Increase Your Tax Deductions Using the Business-Mileage Rule

Tax Planning


Please clarify how to properly record commuting mileage, especially if you do other trips before and after stopping at your regular office.


To record commuting mileage, you simply write in your appointment calendar (or other daily record or digital app): home to office, 10 miles, commute.

Ugh! We Don’t Like That

We absolutely, positively don’t like commuting mileage. You should dislike it, too. It’s personal. It’s not deductible.

But with knowledge, it’s avoidable.

Let’s eliminate commuting and make those trips from your home to your office deductible.

The law gives you two ways to eliminate commuting from your home to your outside-the-home office:

  1. Make a temporary business stop on the way to the office.
  2. Establish a home office that qualifies as a principal office.

Temporary Business Stop

The temporary business stop strategy is designed for the home that contains no home office. In this case, the stop turns a commute from your home to the office into a deductible business trip.

Example 1. Sam, a property and casualty insurance agent, does not claim a home-office deduction. He has to photograph a property before the insurance company will issue the policy. Sam’s trip from his home to the property and from the property to his downtown office produce business miles.

Example 2. Sam, the guy from Example 1, drives from his home to his downtown office. That’s a non-deductible commute.

Caution. If your only office is in your home and that office does not qualify as a principal office, then the IRS labels your trip from your home to a business stop the “first stop,” and that trip is a non-deductible commute.

Example 3. You have an office inside your home that does not qualify as a principal office, and you have no office outside the home. You drive 17 miles to a business stop and then return home. Because your only office is inside the home and it does not qualify as a principal office, your 34-mile round trip is a personal non-deductible commute under the IRS’s first and last stop rule.

Home-Office Solution

If you have both a downtown office and a principal office inside your home, you have no commuting mileage from your home to your downtown office. You don’t need to work in your home before you leave for the office. You simply need an office in the home that qualifies under the law as a principal office.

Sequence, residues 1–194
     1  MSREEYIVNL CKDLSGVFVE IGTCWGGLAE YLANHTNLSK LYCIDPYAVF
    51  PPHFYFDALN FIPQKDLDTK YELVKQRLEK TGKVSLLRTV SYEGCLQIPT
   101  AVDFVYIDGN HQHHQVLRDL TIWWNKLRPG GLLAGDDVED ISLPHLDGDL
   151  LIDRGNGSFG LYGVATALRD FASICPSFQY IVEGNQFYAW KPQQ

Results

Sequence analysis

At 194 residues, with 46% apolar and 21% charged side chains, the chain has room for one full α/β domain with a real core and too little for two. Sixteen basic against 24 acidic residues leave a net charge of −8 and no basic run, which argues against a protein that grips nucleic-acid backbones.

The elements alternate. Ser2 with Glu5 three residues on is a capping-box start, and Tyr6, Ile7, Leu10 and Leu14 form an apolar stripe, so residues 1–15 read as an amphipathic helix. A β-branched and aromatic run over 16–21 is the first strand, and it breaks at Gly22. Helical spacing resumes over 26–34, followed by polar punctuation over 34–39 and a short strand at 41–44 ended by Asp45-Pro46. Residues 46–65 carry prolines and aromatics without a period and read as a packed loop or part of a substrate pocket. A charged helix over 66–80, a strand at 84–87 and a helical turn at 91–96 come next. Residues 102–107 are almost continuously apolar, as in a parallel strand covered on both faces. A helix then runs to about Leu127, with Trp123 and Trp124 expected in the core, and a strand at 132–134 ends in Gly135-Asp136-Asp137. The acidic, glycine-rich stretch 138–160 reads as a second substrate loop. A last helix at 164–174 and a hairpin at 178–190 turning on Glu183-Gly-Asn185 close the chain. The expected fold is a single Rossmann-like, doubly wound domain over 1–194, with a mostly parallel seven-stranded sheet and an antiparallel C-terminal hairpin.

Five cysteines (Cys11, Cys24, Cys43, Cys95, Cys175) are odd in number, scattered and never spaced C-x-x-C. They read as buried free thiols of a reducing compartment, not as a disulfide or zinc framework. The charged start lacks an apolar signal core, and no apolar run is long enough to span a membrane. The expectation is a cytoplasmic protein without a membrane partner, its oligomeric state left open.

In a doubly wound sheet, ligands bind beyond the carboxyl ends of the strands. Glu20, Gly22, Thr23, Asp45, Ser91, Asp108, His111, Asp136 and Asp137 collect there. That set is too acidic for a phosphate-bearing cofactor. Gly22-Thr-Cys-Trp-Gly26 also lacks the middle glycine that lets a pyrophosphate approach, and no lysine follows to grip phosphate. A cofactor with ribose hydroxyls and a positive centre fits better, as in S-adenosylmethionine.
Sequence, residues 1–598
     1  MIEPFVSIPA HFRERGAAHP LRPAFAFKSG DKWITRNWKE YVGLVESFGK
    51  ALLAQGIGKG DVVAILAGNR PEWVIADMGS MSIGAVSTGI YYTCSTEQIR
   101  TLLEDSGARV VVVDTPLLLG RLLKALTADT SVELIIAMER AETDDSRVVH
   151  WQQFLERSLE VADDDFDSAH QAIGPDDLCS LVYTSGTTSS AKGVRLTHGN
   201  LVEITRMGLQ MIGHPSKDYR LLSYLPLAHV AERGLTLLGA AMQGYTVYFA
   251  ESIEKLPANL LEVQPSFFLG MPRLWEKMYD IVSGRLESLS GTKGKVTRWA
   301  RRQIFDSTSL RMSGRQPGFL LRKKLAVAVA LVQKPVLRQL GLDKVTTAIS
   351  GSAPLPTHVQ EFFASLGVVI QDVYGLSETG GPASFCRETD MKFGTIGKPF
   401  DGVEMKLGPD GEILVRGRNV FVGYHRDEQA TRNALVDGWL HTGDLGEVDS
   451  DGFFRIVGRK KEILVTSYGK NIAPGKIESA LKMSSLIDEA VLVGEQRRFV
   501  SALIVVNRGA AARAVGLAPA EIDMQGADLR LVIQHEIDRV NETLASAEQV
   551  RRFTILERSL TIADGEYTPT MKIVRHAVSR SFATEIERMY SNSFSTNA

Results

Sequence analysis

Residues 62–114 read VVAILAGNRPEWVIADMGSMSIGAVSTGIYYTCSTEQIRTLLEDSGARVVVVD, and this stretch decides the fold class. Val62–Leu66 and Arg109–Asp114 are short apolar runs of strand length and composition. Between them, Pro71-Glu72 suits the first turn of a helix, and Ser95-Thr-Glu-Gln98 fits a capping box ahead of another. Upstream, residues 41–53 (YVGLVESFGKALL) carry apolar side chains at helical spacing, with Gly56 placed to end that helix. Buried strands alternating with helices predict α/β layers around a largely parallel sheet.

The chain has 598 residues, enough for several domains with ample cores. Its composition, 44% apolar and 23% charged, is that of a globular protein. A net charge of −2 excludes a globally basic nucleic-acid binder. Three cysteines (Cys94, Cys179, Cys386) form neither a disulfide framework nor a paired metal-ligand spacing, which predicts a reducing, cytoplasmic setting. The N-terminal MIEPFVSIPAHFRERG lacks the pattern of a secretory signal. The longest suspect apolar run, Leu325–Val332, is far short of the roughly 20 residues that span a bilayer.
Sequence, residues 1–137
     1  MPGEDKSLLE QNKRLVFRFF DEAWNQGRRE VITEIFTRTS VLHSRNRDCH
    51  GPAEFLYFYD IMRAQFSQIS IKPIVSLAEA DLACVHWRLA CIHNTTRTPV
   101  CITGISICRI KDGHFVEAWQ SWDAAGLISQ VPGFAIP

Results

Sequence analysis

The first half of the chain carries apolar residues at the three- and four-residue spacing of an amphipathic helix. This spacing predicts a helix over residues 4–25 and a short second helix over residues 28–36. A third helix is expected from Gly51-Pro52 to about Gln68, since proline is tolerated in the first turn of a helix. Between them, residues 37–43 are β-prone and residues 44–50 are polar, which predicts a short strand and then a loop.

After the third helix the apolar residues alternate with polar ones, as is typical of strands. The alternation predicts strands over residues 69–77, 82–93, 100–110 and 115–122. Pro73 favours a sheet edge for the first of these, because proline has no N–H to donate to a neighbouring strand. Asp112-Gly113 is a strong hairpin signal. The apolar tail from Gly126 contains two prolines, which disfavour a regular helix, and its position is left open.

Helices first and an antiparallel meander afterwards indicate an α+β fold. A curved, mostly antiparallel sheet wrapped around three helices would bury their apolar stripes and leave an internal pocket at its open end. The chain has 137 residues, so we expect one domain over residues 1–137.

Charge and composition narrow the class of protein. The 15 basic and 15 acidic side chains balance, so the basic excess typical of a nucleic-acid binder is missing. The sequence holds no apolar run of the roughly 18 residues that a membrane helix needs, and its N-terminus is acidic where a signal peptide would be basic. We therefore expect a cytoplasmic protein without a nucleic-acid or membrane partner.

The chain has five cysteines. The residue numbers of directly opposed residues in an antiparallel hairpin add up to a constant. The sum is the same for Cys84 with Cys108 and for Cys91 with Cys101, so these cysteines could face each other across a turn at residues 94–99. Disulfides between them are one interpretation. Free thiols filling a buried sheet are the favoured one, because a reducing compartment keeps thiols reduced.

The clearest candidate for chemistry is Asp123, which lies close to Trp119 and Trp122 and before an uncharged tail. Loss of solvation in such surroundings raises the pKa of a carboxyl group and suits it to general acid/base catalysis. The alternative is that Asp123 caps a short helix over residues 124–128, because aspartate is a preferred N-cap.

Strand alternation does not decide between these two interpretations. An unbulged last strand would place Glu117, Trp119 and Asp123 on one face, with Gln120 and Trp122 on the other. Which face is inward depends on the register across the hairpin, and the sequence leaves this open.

Example 4. You have an administrative office in your home that qualifies as a principal office. You drive 11 miles from your home to your downtown office, work all day in your downtown office, and then drive the 11 miles from your downtown office back home. This 22-mile round trip to and from your downtown office is deductible as business mileage.

Easy Answer

When you compare the two methods for eliminating commuting, you can see that establishing the administrative (principal) office in the home is the easy answer.

Other Trips

Now let’s get to your original question: what happens to those trips that begin and end at your downtown office? If your trip from your downtown office is to a business stop, you have business mileage. If it’s to a personal stop, you have personal mileage.

If the trip from your office involves both business and personal stops, and if the personal stops are not too far out of the way, you can ignore the personal stops and count all of the mileage as business.

Example 5. You drive 10 miles to Staples to buy office supplies, but on the way you take a 1-mile detour to pick up your dry cleaning. Thus, the direct trip to this business stop was 9 miles and your round trip on this day is 19 miles. The 1-mile detour is considered de minimis (in other words, minor). You may count the entire 19 miles as business miles.

In your mileage record, you would write something like this: round trip to Staples for office supplies, 19 miles (1-mile side stop at dry cleaners, minor).

Sampling Method

You should make your notations as to business and personal miles for a minimum of three consecutive months during the year so that you can comply with the easy requirement for mileage log sampling under IRS Regulation 1.274-5T(c)(3)(ii).

Key point. Keeping the mileage log for three months works, but keeping the mileage log for the entire year is perfect.

Quick Checklist

You have deductible mileage when you

  • drive from your home to a business stop (such as visiting a prospect or colleague) and then drive from that stop to your downtown office;
  • drive from your home, which contains a “principal office” (think administrative office), to your downtown office;
  • drive from your downtown office to a business stop;
  • drive from one business stop to another business stop; or
  • drive from one business stop to another business stop and make a de minimis (minor) out-of-theway personal stop.

You have personal, non-deductible mileage when you

  • drive from your home to a business stop and return home (assuming no principal office inside the home);
  • drive from your home to your first business stop and from your last business stop back home (assuming no principal office inside the home and no stop at your downtown office); or
  • drive from your home to your downtown office (assuming that you have no principal office at your home).

Best strategy. You eliminate a big chunk of personal mileage when you establish a principal office in the home. The administrative office is an easy way to build a principal office in your home.

Christopher Ragain

My name is Christopher Ragain, I am the founder of Tax Planner Pro.  I love helping small business owners find creative and legal ways to beat the TaxMan.  My team and I love to write and you can find all of our insights on this blog!

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